• Sleep duration: by looking into the time you’re inactive, devices can note when you fall asleep at night and when you wake up in the morning.
  • Sleep phases: the tracking systems look at the stages of your sleep, and the time your alarm goes off within a period that you’re sleeping less deeply. In hypothesis, that makes it more manageable for you to awaken.
  • Sleep quality: these trackers can detect interrupted sleep, allowing you to know when you’re moving around or waking during the night.

Our recommendation:


Do sleep trackers improve sleep?

Currently, there is no definite information yet, as sleep is different for each individual. Although there are experts who believe tracking sleep could be doing more harm than good for some. 

For some who keep track of their sleeping patterns, it becomes a cause of unwarranted anxiety and worries. There’s even a name for it – orthosomnia, which describes people who obsess over the results of their sleep and fitness trackers. 

Choosing the right sleep tracker for you

Wearable sleep trackers are mainly fitness trackers and smartwatches that also track sleep [6]. There are also gadgets like rings and other devices for wearing on your head.

The non-wearable sleep trackers include smart beds, bedside monitors, smartphone apps and smart mattress pads. 

The primary consideration is whether you’ll feel comfortable wearing something while you sleep. Some people have no issue wearing a watch to bed, while others can’t stand it.

Do you need a fitness tracker to monitor sleep?

Sleep trackers can gather plenty of information about your sleeping habits, though there’s one crucial thing they commonly don’t do – they don’t measure sleep directly. Instead, they usually gauge inactivity as a surrogate for estimating sleep.

For precise data about your sleep habits, you’d have to do a medical sleep study, which observes brain waves to analyse the stages of sleep you cycle through during the night. These studies help diagnose disorders like sleep apnea and other sleep conditions.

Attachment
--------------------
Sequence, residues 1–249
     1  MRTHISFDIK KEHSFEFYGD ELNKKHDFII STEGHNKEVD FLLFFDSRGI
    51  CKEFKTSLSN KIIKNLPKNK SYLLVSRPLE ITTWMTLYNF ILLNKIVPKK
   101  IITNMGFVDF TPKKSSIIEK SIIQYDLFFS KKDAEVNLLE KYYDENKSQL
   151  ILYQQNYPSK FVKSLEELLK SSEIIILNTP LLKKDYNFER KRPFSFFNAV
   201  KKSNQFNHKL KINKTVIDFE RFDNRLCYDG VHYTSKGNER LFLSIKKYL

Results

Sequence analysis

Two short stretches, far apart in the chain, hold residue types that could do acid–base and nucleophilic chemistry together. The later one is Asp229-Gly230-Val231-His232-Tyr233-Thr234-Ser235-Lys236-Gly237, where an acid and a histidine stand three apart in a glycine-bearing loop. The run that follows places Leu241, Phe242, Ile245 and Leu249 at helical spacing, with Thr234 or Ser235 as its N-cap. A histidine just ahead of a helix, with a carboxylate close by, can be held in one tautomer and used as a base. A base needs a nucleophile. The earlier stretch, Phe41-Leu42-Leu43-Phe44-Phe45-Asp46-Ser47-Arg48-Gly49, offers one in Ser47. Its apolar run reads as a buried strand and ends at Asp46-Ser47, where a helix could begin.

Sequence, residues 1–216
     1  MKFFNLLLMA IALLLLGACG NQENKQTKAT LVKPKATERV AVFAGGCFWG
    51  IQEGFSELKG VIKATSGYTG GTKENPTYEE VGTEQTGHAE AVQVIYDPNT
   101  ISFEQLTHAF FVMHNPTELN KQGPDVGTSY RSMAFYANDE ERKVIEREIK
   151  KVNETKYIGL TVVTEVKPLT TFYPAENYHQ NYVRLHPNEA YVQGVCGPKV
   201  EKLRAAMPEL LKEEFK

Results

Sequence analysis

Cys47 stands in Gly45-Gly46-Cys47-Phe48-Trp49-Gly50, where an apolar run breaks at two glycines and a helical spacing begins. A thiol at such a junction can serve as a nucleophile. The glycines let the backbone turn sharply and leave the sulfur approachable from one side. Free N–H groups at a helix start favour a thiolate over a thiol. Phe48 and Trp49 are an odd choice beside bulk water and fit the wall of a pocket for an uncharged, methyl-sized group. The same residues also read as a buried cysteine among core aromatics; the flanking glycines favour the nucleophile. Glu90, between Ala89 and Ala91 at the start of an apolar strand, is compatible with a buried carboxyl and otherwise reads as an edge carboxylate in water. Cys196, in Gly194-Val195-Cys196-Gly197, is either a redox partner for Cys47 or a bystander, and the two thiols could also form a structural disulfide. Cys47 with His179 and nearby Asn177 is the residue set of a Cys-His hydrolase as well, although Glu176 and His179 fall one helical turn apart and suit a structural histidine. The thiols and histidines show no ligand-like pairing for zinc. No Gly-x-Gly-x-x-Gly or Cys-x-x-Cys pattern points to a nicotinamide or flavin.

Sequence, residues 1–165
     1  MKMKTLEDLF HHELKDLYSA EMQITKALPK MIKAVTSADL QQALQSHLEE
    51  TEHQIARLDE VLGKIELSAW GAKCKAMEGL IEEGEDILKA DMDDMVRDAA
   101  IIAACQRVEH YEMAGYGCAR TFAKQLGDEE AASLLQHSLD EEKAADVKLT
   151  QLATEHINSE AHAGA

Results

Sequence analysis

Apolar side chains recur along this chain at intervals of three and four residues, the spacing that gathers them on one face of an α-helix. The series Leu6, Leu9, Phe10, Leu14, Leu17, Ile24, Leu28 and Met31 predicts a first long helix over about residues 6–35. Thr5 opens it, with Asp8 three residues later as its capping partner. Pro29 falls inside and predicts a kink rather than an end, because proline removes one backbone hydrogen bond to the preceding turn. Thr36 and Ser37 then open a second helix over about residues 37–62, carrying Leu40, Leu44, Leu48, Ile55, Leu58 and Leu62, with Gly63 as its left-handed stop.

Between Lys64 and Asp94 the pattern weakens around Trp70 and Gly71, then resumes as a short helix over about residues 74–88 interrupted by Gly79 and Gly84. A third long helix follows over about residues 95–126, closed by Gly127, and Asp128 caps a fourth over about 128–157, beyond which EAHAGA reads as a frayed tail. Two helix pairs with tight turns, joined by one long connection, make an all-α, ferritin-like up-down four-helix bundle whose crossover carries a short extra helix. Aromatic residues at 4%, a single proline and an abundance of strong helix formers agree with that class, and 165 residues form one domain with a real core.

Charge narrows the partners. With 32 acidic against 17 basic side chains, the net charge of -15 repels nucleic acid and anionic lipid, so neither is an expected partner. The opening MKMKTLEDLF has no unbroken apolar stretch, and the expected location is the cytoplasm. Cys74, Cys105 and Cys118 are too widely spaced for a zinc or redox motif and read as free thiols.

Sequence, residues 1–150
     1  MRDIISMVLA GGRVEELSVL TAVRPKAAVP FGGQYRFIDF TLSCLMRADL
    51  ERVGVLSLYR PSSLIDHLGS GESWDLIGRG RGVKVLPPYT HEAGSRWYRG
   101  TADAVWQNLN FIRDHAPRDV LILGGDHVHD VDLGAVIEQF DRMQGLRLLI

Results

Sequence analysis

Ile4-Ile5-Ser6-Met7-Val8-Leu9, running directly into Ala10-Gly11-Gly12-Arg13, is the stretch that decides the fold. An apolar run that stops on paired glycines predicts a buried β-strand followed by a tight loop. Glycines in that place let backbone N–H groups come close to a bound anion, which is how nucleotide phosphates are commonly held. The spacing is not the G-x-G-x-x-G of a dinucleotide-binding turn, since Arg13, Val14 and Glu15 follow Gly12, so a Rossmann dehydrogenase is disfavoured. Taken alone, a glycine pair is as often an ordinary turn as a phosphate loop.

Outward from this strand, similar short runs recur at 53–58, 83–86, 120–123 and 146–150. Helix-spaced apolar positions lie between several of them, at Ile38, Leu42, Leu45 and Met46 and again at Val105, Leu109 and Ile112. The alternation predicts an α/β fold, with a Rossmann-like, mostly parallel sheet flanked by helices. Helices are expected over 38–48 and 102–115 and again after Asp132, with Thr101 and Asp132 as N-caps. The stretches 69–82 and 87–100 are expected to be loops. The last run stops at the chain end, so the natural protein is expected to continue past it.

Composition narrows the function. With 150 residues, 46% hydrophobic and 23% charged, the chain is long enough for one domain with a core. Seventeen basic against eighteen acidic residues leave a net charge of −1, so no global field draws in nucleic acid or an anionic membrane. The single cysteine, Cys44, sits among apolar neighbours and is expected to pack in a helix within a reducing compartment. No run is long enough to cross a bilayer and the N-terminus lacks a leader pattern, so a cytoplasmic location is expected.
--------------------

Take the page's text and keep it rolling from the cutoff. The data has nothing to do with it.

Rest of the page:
Still, tracking devices can help recognise sleep patterns and give the user something to reflect on about their habits. If you’re an otherwise healthy person who wants to acquire some insight into your sleep routine, tracking devices might be a good option.

[1] https://bit.ly/3cdD9Qt
[2] https://bit.ly/3azJdlH
[3] https://www.techradar.com/news/how-does-sleep-tracking-work
[4] https://www.hopkinsmedicine.org/health/wellness-and-prevention/do-sleep-trackers-really-work
[5] https://www.whoop.com/thelocker/alcohol-affects-body-hrv-sleep/
[6] https://www.theverge.com/23013600/best-sleep-tracker-wearables

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The information included in this article is for informational purposes only. The purpose of this webpage is to promote broad consumer understanding and knowledge of various health topics. It is not intended to be a substitute for professional medical advice, diagnosis or treatment. Always seek the advice of your physician or other qualified health care provider with any questions you may have regarding a medical condition or treatment and before undertaking a new health care regimen, and never disregard professional medical advice or delay in seeking it because of something you have read on this website.